Our winners

We have announced our winners!

Winners press release

Who are they?

On 4 July the 2024 the finalists pitched in front of the competitions' panel of judges for the opportunity to take home a share of £100,000 prize pot and the accolade of the winning the Royal Society of Chemistry's Emerging Technologies Competition.

We are very proud of the achievements of our 68 winners, who have been selected from hundreds of applicants over the last twelve years.

In that time our winners have gone on to raise a combined total of over £200m in equity investment and grant funding, one has announced a £28m trade sale. We’ve also seen the winners expand overseas, enter commercial contracts, conduct clinical and industrial scale trials, and collectively double their number of employees.

Read about all our winners’ cutting-edge technologies below.

2024 winners

Ignota Labs

SAFEPATH: Causal AI-driven mechanistic understanding of drug safety failures
2024 Health winner
Ignota Labs have developed a novel AI platform to understand the root causes of safety problems in drug discovery. By combining Deep Learning models to predict how the drug interacts with the body, with algorithms over complex data, we can understand the biological impact of those interactions, enabling drug failure turnaround.

“We're currently raising our seed round so being able to tell investors that we've won such a prestigious award from this institution is definitely going to help us along our way and really give that validation that we need.”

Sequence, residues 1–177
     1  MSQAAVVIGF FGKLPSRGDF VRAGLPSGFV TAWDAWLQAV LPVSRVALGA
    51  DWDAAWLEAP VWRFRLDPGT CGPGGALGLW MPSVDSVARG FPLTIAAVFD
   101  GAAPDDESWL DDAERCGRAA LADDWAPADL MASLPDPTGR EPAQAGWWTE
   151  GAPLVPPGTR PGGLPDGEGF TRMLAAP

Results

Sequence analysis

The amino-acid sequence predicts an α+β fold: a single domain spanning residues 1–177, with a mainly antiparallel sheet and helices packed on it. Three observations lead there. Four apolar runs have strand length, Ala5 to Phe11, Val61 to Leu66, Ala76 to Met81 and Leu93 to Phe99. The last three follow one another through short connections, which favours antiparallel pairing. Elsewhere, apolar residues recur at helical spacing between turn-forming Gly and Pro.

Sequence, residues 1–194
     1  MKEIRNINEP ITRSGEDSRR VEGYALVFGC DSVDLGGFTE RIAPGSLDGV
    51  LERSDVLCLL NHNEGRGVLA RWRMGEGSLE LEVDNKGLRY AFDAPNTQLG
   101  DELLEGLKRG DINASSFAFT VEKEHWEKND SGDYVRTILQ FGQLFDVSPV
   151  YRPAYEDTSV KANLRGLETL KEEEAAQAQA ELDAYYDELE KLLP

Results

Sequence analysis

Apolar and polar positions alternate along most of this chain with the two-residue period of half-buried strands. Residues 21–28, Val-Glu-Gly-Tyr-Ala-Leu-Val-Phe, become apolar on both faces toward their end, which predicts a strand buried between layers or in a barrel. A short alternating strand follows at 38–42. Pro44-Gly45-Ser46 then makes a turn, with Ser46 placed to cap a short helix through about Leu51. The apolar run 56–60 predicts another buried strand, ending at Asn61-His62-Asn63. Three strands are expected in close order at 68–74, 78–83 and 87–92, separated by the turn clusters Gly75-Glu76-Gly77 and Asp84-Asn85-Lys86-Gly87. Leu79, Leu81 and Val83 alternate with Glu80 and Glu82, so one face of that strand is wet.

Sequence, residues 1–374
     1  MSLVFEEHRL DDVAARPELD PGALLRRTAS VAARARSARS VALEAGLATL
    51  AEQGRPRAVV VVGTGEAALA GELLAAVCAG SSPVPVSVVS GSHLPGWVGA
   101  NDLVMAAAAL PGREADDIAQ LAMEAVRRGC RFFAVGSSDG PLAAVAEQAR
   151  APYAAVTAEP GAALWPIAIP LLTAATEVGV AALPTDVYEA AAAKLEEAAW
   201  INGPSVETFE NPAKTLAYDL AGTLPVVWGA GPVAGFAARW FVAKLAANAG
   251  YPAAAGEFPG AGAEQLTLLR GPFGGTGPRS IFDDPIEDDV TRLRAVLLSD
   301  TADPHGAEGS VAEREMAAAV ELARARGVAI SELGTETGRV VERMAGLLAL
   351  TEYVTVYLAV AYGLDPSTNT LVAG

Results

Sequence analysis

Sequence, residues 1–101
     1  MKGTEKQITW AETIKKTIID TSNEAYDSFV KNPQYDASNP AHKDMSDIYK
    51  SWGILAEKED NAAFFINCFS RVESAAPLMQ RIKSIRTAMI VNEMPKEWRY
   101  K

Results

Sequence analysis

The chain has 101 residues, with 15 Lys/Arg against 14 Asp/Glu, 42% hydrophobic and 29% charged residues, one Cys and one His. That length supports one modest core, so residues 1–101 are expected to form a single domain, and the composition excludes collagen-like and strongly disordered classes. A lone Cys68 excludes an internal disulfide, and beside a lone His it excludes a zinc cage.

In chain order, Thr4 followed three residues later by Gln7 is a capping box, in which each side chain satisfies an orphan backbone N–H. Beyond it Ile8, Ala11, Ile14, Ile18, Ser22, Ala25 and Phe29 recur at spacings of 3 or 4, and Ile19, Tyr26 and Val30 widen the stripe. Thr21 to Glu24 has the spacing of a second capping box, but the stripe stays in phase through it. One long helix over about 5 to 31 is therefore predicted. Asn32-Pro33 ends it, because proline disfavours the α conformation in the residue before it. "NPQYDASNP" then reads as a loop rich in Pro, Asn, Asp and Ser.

Layla Hosseini-Gerami, Chief Data Science Officer, Ignota Labs
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Imperial College London

Re-inventing Solid-Phase Peptide Synthesis
2024 Enabling Technologies winner
Imperial College London have innovated solid-phase peptide synthesis (SPPS) to allow the synthesis of multiple peptide fragments on a single bead, departing from the conventional method of synthesising only one fragment per bead. This advancement promises to significantly boost the productivity of existing peptide analogues and facilitate the synthesis of first-in-class analogues.

“It's a very nice recognition from a prestigious institution like the Royal Society of Chemistry. It's actually kind of a push and we feel that we are doing really well, so we are very happy with this kind of recognition.”

Dr Othman Almusaimi, Lecturer in Medicinal Chemistry, Orthogonal Peptides
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Sustainable sulfur containing technologies for capturing toxic metal compounds
2024 Environment winner

ThioTech utilise the low-cost and abundant industrial waste product, elemental sulfur, combined with sustainably sourced chemicals, to make high sulfur content materials that can be used as next-generation absorbents to remove toxic metal residues from water, oil, and gas, thereby preventing environmental release and contamination, potentially outperforming incumbent technologies.


“The competition was really stiff, everybody in there deserved it, and I'm really honoured and also emboldened to see that finally a panel of true experts value the technology as much as we do. It's incredible, and that really gives us the motivation to go forward.”

Liam Dodd, Chief Operating Officer, ThioTech Ltd
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University of Cambridge

H2Upgrade - hydrogen production from industrial waste gases and solvents
2024 Energy winner
Hydrogen is a promising carbon-free fuel but its current production methods rely on fossil methane or expensive electrolysers. In contrast, H2Upgrade converts zero-value industrial wastes into high-purity H2, enabling the waste-producing companies to become H2 producers and consumers, thus, promoting the H2 economy and distributed manufacturing.